08/05/2014 06:05 pm ET Updated Oct 05, 2014

Building Your Classroom Community

This is such an important and sometimes overwhelming prospect: creating a positive classroom community. Daunting because let's face it, getting 20, 7 year olds to be respectful, kind and encouraging for 7 hours, while your main focus is getting through 8 different subjects' curriculum accurately and astutely. To be sure you are: using higher order questioning, scaffolding appropriately and building on prior knowledge. Not an easy task.

As elementary teachers we follow the first 6 weeks of Responsive Classroom, we create classroom rules together, we learn how to share together during daily share time. Are all of these important? Yes. Is there a way to build your classroom community without feeling overwhelmed? Yes!

What's most important in building your classroom community is making sure that everyone feels safe and welcome and a part of the team. It's in creating a climate that is warm, welcoming and safe. Safe is a key word. Your students need to feel safe to share openly, take risks and to think freely. So how do we as teachers accomplish this? It can be broken into 3 areas: meeting daily as a class, open communication and support.

It starts by recognizing that it needs to be done. Everyday should start with a morning meeting. A time to greet one another, share and discuss the days events. Establishing this routine creates predictability and ensures that at least once a day everyone stops to be together, to work together. It builds a sense that everyone is connected and that in the classroom everyone should treat one another as a friend, with respect and kindness. Having this meeting first thing sets the tone for the rest of the day. So that later in the day when a tricky Math lesson is being taught, no one is afraid or to take a risk raising a hand.

Another key component of instilling a strong classroom community is communication. We must teach our students how to communicate with one another. How do we politely say good morning? What is the appropriate tone to have with someone who is upset? What words do you use if someone has hurt your feelings? Each of these scenarios are things that need to be taught, we can't assume that our students understand the ins and outs of communication. A great way to do this is to highlight when you notice a student communicating well. After Jimmy uses his words to help a friend feel better, 'Jimmy, I noticed that you used a kind tone and that you offered words of encouragement to help your friend feel better. Let's all try to do the same.' Jimmy now becomes the model in that moment.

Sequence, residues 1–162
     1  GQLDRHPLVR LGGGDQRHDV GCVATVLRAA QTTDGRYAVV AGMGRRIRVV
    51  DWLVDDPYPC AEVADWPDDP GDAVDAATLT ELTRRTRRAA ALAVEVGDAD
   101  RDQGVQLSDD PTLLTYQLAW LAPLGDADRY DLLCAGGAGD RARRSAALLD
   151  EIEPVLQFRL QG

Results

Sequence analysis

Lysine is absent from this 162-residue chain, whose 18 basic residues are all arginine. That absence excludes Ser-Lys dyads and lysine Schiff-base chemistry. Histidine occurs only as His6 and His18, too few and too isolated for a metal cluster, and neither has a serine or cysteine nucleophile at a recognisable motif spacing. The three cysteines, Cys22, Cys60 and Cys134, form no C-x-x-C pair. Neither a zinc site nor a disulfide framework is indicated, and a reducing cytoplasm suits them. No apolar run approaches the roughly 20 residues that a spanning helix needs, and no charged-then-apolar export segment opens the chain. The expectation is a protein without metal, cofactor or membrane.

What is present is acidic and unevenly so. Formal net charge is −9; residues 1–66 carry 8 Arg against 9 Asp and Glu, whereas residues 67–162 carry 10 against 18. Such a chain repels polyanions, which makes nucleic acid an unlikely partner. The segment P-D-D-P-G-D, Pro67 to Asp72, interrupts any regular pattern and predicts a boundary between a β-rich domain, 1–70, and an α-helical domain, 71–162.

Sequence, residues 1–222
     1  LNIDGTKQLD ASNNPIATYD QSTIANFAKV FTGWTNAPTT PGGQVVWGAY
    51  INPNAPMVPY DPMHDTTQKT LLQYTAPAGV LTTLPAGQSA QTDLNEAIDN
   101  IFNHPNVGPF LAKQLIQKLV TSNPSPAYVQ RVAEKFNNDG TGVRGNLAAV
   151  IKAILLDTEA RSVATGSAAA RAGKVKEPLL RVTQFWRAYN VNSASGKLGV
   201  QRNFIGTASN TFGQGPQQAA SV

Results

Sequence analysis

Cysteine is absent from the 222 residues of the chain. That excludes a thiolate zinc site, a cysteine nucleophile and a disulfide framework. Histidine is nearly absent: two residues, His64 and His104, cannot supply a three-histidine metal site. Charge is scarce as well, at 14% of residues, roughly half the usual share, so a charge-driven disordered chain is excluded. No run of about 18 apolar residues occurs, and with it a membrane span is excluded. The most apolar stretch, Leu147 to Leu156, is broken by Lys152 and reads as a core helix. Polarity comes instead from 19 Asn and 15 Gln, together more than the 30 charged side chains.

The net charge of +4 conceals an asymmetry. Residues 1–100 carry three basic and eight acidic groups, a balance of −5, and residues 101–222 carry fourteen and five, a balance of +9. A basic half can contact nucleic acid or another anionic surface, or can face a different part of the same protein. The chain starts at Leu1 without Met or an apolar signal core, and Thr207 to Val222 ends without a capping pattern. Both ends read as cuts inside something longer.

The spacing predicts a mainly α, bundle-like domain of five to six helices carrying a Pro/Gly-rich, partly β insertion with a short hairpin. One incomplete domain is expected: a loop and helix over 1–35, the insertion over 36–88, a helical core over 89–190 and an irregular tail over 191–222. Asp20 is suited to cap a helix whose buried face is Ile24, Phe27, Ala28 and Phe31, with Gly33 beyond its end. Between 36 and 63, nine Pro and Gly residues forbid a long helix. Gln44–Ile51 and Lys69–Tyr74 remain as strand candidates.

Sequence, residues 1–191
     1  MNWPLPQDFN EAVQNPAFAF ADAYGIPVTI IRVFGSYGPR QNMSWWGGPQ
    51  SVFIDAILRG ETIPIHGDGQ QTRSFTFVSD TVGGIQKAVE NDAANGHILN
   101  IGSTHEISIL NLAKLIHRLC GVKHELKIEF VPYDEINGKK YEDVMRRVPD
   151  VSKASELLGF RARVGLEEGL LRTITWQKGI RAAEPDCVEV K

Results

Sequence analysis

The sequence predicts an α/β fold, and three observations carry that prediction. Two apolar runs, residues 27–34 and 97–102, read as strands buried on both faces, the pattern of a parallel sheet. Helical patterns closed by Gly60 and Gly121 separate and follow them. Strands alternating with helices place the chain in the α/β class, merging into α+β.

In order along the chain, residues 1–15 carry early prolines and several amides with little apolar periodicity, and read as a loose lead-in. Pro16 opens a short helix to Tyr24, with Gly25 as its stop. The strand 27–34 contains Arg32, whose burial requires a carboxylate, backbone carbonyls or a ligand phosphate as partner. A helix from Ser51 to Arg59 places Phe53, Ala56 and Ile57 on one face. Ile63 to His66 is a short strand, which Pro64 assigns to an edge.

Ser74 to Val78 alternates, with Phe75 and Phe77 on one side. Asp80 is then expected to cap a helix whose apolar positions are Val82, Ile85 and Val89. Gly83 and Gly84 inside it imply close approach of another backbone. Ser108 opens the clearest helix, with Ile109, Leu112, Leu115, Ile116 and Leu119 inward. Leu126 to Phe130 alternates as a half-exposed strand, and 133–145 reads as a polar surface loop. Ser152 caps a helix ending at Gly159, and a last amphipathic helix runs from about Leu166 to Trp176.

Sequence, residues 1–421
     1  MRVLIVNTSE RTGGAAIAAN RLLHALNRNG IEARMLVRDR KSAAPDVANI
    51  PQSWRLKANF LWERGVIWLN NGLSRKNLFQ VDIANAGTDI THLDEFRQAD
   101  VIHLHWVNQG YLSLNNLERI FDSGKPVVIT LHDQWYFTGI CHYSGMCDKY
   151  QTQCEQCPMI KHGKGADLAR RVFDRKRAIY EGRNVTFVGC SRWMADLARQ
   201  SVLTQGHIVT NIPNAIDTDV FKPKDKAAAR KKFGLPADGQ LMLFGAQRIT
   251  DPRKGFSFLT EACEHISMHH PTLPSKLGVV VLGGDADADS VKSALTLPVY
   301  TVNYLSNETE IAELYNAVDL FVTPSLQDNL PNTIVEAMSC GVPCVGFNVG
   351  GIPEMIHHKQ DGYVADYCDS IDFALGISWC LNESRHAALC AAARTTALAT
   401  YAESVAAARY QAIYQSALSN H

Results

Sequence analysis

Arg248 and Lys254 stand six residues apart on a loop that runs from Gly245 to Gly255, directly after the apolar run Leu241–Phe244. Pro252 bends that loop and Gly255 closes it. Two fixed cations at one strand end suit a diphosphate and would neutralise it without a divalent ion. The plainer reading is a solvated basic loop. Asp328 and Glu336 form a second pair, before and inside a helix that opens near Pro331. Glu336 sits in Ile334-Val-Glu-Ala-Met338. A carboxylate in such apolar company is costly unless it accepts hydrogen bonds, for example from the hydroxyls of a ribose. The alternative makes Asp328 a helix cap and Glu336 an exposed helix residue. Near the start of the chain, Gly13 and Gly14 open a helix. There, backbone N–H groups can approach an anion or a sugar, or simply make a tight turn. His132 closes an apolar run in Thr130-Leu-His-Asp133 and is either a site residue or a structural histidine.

The last piece is support. It is crucial to have a support network within the classroom. As the teacher you are the central support. You intervene when two of your students aren't seeing eye to eye, you scaffold a lesson for a student who is struggling, you allow a student to take a think, after he/she has made a bad choice to think. It's important too that the teacher isn't the only means if support. Students need to play a support role for one another as well. By giving your students this responsibility it instills that they are a valid piece of the community and that they play an important role. You can do this by handing the job over to them. At the beginning of the year tell them that one of their jobs for the year is to be a 'helper.' A helper in the classroom, on the playground, in the cafeteria. If they see someone who needs help to help that friend out. If they see a friend making a bad choice, to remind that friend what they should be doing. If they see someone hurting another friend, to go to a teacher and ask for help. Children are able to take on this role and it enables them to have a real part in making good choices and helping others to as well.

When it comes down to it, your classroom community is what you make it. It takes some time and some effort, but the results are priceless. Why not take the time to make it a place where everyone is a part of the team?